The stiffness of a material or a structure is of key importance in countless applications, with positive stiffness as a common property for bearing loads and transferring motions, zero (or quasi-zero) stiffness for vibration isolation and protection, and negative stiffness for fast switching between states, high-speed actuation, and programmed deformation. Engineers have deliberately created various means to manipulate stiffness for applications ranging from automotive, robotics, to aerospace. Often these mechanisms are rather complicated (e.g., spring structures) and many times require considerable energy inputs (e.g., electromagnetic mechanism), which unfortunately cannot be employed in size-limiting applications (e.g., small sized robots, soft robots without rigid parts, or passive systems without power input), although these applications may benefit most from in-situ stiffness manipulation. To somewhat circumvent the complex structures and expensive energy input, mechanical metamaterials have been designed to achieve stiffness manipulation using simple mechanisms; however, for a given metamaterial, the range of manipulation is limited and cannot switch all the way from positive to negative.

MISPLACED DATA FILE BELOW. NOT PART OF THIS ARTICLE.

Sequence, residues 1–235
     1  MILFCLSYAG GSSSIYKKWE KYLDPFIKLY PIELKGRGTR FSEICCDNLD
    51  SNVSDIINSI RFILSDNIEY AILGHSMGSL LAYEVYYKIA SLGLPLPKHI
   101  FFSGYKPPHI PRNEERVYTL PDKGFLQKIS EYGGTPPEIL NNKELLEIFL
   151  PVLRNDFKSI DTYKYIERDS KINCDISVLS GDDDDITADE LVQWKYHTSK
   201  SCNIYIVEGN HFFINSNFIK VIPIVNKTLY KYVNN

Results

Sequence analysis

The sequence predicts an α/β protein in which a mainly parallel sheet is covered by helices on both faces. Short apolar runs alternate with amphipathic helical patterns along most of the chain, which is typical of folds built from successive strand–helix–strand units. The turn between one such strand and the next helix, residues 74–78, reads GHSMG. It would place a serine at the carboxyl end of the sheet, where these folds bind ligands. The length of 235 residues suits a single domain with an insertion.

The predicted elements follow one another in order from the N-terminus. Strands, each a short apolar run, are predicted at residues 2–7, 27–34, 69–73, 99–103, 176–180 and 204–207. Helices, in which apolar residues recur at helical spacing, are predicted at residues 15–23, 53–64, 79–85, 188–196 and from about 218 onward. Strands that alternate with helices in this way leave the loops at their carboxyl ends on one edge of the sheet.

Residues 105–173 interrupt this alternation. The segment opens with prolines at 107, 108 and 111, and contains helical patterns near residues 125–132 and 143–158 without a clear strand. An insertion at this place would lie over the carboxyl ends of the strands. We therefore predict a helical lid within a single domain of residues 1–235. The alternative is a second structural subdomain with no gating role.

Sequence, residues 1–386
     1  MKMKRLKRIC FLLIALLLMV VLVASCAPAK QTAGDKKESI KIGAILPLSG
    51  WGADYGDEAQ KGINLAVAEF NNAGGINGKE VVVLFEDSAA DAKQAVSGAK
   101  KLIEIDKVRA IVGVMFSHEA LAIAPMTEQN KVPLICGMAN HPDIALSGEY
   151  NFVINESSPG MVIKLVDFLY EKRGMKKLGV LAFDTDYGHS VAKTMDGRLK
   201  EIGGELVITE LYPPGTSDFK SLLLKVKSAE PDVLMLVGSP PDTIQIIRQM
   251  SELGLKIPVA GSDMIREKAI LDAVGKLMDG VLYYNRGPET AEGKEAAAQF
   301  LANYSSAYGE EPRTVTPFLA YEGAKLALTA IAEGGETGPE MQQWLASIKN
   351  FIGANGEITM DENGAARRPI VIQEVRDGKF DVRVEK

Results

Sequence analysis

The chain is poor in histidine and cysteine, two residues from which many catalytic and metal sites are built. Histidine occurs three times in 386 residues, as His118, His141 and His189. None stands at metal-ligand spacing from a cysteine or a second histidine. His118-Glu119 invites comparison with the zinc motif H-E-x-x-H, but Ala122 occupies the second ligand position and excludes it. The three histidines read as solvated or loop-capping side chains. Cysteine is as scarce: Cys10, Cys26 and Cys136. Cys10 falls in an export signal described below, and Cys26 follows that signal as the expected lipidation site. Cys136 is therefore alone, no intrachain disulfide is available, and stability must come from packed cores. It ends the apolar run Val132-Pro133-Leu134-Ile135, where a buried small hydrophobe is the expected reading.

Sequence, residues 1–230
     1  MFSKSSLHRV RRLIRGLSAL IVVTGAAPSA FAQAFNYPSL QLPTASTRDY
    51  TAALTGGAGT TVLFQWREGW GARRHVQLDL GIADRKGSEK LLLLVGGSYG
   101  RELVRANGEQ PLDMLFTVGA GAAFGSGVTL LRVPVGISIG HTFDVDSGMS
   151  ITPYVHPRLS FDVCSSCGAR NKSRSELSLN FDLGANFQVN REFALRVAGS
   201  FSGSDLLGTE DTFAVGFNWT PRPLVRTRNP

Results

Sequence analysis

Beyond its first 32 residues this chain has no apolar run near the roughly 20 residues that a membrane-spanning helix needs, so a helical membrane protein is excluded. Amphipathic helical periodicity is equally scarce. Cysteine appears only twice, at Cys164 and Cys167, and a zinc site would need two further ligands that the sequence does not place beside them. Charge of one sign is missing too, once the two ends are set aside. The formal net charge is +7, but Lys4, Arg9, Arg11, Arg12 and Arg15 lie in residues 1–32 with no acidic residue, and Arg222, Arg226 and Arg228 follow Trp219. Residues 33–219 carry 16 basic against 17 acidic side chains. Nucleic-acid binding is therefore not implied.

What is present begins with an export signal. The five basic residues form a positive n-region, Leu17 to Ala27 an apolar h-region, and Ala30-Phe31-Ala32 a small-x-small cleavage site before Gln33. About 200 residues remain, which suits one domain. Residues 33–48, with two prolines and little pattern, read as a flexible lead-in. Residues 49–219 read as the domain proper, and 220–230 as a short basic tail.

Researchers at Arizona State University have developed curved origami-based metamaterials including a panel of material having a plurality of curved creases, each disposed within a plane of the panel (Fig. 1). The panel is configured to be folded along one of the plurality of creases, and also configured to be bent about an axis disposed outside the plane of the panel. Stiffness manipulation is achieved in situ by activation of different sets of curved creases. Another version of this invention features a panel having an elongate, curved opening disposed within the panel; the panel is folded about the opening such that the opening defines a crease. The metamaterial also may incorporate a motor-actuated cable coupled to each side of the panel. This motor allows pulling of the cable, which changes degree of folding and thus panel stiffness (Fig. 2).
Fig 1. Mechanical behavior of a unit cell of the curved origami.
Fig. 2. Origami panel featuring a curved opening and cable-based folding.
• Aerospace components
• Vehicular structural supports
• Biomedical devices
Related Publication: In situ stiffness manipulation using elegant curved origami